New Preparedness Guide for Kinship Families
Kinship families are formed when grandparents, aunts and uncles, other relatives, or close family friends take care of children when their parents are unable to do so due to challenging family situations. Often, the adults in these newly created kinship families do not expect to become caregivers and they need support. Under normal circumstances, kinship families can face significant challenges; during emergencies, including natural disasters or pandemics, the challenges increase. Learn about the Fairfax County Department of Family Services' helpful resources for all kinship families.
Virtual Life Series Provides Connection During COVID-19
The Fairfax County Health Department operates four Adult Day Health Care Centers for older adults who no longer have the capacity for complete independence. On a typical day in any center, upwards of 30 participants congregate together for physical, cognitive, and social activities led by staff. The virtual programs offered by Adult Day Health Care are free of charge and available to everyone. Learn more about how the centers are providing alternative ways to connect.
Schedule Your Flu Vaccine at Select Senior Centers
Each year, influenza—better known as the flu—causes millions of illnesses in the United States, and people age 65 and older account for the majority of flu hospitalizations and deaths. An annual flu vaccine is the best way to reduce your risk of getting sick. The Fairfax County Health Department and Department of Neighborhood and Community Services are offering flu vaccination clinics at select senior centers. This service begins in October and is available to residents 18 and older by appointment only. Get more information about locations and make an appointment.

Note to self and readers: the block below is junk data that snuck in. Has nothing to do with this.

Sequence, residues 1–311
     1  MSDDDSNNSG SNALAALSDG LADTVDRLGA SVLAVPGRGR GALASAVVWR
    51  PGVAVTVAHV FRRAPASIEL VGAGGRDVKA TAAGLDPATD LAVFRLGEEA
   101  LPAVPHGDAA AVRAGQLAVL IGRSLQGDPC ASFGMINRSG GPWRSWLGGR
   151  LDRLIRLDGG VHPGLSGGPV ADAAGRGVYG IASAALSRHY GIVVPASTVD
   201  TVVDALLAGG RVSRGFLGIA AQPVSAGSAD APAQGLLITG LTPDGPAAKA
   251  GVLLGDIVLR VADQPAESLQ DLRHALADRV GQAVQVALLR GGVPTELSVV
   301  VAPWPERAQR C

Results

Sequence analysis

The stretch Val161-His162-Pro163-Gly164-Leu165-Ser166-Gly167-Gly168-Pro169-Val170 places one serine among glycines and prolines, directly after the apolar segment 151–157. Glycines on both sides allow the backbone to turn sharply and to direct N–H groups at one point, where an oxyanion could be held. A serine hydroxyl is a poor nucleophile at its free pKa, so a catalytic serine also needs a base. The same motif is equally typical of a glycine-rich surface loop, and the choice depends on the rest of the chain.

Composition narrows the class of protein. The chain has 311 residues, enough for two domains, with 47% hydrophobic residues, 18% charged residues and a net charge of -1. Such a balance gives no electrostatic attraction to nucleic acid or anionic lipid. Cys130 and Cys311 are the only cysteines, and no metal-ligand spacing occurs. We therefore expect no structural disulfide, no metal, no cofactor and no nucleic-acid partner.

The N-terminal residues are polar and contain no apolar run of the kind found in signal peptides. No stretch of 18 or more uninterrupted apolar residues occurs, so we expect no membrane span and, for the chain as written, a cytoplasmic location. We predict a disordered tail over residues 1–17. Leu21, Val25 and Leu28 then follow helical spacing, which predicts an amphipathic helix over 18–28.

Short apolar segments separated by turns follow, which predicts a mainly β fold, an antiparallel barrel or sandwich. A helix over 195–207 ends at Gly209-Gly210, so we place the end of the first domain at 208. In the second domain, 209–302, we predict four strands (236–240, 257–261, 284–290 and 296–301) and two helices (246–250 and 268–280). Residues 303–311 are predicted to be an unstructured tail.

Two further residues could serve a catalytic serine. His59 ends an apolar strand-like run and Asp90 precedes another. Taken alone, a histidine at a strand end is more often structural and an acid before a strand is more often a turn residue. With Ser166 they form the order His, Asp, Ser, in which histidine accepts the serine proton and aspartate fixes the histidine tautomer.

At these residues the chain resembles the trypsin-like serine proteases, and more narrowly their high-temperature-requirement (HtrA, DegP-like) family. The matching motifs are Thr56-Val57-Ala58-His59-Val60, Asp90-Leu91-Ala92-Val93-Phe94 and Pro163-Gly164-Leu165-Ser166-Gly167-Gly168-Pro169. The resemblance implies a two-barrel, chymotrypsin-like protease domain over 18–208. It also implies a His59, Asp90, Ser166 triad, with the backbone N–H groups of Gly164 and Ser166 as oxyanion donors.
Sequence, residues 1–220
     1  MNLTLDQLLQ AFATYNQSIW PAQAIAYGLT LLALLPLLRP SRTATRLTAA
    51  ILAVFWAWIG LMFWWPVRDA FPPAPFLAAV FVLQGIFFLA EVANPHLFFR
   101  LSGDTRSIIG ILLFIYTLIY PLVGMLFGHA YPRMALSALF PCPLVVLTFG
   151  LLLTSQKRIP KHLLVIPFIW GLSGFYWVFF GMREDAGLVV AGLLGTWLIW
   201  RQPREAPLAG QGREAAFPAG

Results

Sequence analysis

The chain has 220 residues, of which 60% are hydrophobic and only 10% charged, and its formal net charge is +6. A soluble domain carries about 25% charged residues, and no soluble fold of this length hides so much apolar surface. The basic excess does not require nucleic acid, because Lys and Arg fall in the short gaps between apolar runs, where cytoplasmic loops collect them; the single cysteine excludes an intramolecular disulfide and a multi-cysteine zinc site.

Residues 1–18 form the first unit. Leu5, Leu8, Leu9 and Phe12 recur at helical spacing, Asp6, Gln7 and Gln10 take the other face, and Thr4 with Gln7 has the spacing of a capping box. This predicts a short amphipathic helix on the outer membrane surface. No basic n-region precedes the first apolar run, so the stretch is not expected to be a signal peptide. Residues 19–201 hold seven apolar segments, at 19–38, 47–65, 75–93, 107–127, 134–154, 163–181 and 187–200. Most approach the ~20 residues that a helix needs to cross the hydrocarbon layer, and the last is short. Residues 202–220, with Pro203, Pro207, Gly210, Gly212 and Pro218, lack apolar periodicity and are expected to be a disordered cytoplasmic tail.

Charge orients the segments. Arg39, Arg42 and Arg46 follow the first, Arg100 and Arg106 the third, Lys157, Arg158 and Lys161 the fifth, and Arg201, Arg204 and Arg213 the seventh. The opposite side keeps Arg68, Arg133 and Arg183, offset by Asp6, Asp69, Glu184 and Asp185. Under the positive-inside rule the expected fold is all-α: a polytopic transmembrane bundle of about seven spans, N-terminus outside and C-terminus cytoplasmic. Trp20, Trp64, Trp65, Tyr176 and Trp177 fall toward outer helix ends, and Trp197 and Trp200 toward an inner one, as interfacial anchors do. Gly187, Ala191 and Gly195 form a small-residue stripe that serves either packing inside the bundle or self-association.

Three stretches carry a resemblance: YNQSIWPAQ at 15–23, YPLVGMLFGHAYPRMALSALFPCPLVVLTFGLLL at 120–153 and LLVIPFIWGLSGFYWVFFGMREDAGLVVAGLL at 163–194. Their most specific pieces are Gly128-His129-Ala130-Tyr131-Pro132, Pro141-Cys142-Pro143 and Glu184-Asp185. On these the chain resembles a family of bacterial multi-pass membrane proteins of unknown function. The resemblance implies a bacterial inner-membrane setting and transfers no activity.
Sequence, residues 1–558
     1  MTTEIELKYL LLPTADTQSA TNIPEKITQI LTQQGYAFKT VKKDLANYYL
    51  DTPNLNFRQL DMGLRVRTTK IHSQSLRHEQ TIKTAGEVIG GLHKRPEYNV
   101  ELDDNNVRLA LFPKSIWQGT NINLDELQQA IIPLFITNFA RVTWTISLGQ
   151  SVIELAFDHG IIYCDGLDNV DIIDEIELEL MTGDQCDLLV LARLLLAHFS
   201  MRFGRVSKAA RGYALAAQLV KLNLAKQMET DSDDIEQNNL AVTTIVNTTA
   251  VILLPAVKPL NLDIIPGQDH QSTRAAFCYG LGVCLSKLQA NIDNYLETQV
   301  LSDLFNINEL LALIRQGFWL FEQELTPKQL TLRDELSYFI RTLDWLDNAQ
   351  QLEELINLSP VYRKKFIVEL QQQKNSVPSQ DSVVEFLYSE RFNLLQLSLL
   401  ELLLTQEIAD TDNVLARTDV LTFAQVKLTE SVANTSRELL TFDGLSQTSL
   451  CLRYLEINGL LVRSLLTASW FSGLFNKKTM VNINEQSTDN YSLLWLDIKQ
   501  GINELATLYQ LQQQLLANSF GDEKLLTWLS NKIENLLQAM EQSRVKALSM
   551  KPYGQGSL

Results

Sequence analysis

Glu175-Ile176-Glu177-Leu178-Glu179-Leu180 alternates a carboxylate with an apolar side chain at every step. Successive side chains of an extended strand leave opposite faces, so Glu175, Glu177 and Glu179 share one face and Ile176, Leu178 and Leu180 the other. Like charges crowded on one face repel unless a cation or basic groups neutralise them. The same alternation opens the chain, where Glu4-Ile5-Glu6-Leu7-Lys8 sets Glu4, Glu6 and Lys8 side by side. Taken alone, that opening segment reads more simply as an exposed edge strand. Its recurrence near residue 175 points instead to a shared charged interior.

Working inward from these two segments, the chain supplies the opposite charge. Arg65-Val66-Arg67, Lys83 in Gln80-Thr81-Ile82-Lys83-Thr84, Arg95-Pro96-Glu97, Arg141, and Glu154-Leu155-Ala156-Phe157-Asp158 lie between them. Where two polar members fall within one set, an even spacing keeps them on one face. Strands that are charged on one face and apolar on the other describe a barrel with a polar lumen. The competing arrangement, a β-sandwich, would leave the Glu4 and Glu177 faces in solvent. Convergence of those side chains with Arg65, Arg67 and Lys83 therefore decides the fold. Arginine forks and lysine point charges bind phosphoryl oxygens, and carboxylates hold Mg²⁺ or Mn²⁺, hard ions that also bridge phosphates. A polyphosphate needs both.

The Mettle of Philip Hirschkop
Philip Hirschkop, one of the attorneys who argued the famous United States Supreme Court case of Loving vs. Virginia, explains that the decision not only legalized the Loving’s marriage in Virginia, it also invalidated laws banning interracial marriage in 16 states. The passion in his arguments was rooted in his experience as a Green Beret paratrooper and his earlier civil rights involvement. Learn more about this story.
Acts of kindness are uplifting—especially now during the pandemic. Volunteer Fairfax (a private, non-profit) has an initiative called Good Connects Us. It is an idea generator with an infographic that people use to record acts of kindness, giving or volunteerism. Good Connects Us is a creative way to show the strength of the human spirit in Fairfax County. During this time of social distancing, we can still join together and show how we care about each other. Find out about the variety of volunteer opportunities available.
The Beacon 50+ Expo Goes Virtual